Meredith Addy is one of the five female private-sector litigators who most frequently argued in the past decade before the US Court of Appeals for the Federal Circuit, finds a recent study of gender diversity among lawyers who handle patent cases in the nation’s courts.
AddyHart P.C. co-founder Addy also is one of only two of the five who is licensed to practice before the United States Patent and Trademark Office (“patent barred”).
The research article, “Gender Inequality in Patent Litigation” by Paul R. Guliuzza and Rachel Rebouché, professors of the Temple University School of Law, presents an empirical study of gender diversity among the lawyers who handle patent cases in the federal courts, focusing on appellate litigation at the Federal Circuit and the US Supreme Court. The dataset underpinning the authors’ analysis concerning the Federal Circuit includes all lawyers who argued patent cases before that court from 2010 through 2019.
Of the 90 lawyers who presented the most patent arguments before the Federal Circuit, the study notes, seventeen were women, of which twelve worked for the federal government. Only five of the seventeen, including Addy, represented private-sector clients.
The study’s authors conclude that women are largely absent from high-level patent litigation not because there is a paucity of women patent lawyers but because they are not being tapped to argue on behalf of private-sector litigants. The authors suggest that both incremental and structural change could bring greater diversity and equity to the patent bar.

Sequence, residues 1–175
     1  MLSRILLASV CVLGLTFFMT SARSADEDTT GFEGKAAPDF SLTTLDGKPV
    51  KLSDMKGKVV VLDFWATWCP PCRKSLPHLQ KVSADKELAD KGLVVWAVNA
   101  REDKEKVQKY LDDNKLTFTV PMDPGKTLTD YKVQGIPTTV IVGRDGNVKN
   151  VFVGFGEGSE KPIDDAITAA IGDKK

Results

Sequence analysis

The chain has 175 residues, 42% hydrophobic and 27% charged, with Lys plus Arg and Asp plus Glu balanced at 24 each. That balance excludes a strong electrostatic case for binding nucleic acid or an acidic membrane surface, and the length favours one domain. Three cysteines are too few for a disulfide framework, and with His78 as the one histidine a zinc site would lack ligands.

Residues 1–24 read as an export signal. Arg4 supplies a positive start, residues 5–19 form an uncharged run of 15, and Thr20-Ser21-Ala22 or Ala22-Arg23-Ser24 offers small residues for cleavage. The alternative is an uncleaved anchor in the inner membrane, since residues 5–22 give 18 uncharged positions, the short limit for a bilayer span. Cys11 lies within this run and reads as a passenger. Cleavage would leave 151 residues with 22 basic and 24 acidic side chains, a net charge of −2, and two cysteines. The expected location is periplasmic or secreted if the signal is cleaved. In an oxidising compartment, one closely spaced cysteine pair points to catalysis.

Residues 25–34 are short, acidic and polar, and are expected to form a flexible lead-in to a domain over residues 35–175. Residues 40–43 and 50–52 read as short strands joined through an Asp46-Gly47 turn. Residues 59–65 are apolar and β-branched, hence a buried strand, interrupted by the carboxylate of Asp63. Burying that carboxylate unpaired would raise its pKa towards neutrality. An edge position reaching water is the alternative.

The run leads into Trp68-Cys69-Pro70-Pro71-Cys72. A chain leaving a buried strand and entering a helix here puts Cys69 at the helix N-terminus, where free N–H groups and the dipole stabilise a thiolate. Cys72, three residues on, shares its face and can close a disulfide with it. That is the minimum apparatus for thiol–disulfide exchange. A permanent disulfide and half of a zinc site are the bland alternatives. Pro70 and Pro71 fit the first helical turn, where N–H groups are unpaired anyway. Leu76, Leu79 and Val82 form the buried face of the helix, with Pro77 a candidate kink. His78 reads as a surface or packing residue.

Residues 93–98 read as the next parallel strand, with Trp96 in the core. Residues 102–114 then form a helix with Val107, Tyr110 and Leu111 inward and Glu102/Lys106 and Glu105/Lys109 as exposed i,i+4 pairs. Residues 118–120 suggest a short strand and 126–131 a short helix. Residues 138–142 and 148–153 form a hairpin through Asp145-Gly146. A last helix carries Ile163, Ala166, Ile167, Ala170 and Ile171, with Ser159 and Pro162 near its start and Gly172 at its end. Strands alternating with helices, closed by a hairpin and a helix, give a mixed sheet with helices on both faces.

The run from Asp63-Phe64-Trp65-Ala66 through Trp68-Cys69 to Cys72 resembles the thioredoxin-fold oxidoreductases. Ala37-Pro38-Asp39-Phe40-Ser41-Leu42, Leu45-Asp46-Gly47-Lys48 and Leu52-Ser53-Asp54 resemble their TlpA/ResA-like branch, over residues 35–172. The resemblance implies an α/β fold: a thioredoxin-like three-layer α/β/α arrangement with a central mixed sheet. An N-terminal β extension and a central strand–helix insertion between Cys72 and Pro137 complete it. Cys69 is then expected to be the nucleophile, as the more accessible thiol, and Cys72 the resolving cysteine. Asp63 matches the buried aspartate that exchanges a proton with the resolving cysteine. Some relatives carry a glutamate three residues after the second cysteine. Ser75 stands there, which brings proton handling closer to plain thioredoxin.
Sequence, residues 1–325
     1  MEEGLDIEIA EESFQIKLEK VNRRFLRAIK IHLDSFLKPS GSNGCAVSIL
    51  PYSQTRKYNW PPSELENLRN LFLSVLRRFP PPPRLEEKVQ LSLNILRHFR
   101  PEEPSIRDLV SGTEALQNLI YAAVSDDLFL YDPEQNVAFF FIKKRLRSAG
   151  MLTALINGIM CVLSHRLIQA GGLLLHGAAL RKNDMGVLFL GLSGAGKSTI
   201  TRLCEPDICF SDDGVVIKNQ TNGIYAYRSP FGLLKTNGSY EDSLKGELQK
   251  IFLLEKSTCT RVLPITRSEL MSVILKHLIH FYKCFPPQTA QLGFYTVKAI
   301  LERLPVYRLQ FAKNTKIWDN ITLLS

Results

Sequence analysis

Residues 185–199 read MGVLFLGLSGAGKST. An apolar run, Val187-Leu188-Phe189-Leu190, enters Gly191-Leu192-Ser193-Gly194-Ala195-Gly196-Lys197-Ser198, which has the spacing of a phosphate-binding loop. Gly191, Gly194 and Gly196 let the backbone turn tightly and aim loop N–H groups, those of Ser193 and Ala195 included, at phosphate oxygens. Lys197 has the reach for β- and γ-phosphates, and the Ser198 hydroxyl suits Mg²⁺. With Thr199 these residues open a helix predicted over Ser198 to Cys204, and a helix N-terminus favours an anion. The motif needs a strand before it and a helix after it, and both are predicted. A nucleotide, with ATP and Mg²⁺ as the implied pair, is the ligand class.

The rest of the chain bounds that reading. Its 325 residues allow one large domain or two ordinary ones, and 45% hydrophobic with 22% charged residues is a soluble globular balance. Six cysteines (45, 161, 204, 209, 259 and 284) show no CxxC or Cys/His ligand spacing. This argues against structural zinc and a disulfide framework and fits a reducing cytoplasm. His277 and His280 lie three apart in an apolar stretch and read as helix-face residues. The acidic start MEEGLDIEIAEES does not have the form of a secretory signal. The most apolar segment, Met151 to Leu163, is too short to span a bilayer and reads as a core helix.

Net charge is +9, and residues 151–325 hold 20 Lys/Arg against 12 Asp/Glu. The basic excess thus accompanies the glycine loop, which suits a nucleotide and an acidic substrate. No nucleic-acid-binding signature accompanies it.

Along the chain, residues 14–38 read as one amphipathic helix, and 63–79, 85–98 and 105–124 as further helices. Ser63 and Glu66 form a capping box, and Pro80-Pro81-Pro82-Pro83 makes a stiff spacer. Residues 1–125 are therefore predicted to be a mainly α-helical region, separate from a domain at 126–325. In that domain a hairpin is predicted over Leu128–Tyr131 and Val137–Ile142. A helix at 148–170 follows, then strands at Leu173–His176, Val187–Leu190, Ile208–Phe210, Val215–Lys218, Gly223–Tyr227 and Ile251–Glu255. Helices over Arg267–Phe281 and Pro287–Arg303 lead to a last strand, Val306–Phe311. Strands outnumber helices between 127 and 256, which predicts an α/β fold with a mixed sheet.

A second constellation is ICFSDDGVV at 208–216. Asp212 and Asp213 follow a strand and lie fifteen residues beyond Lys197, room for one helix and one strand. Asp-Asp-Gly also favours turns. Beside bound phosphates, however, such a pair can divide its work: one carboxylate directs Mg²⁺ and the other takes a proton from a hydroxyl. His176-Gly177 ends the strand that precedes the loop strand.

Addy agrees that women have faced and continue to face unacknowledged presumptions about their suitability for certain kinds of work. In an interview for an article about the research published on Law360, Addy notes “One such presumption is that men make better litigators and appellate attorneys,” she says. “I disagree with that presumption. But I do believe mindsets are changing for the better.”
Addy, a deeply experienced intellectual property litigator who specializes in cases before Federal Circuit, among other patent venues, has led more than 100 Federal Circuit appeals. She also served for ten years on the Federal Circuit’s advisory council and was a member the Board of Directors for the Federal Circuit Bar Association.
Addy advises women attorneys seeking higher profile patent appellate work to take the initiative to build credibility and a track record of success. One way she gained experience at the Federal Circuit was by clerking for former Chief Judge Paul R. Michel. “It was an unparalleled opportunity to do intellectually challenging work, gain a more thorough understanding of the law, and build important relationships,” Addy says. “I learned so much.”
Addy notes that she also raised her profile through pro bono appellate work, by volunteering to work on such cases through her firm and by taking on pro bono veterans’ appeals at the Federal Circuit.
Says Addy, “I fundamentally believe that the work we do creates the opportunities we need to succeed, not just as women lawyers, but as lawyers generally. And I hope businesses pay closer attention to equitable hiring decisions for big-ticket litigation, including for their patent appeals.”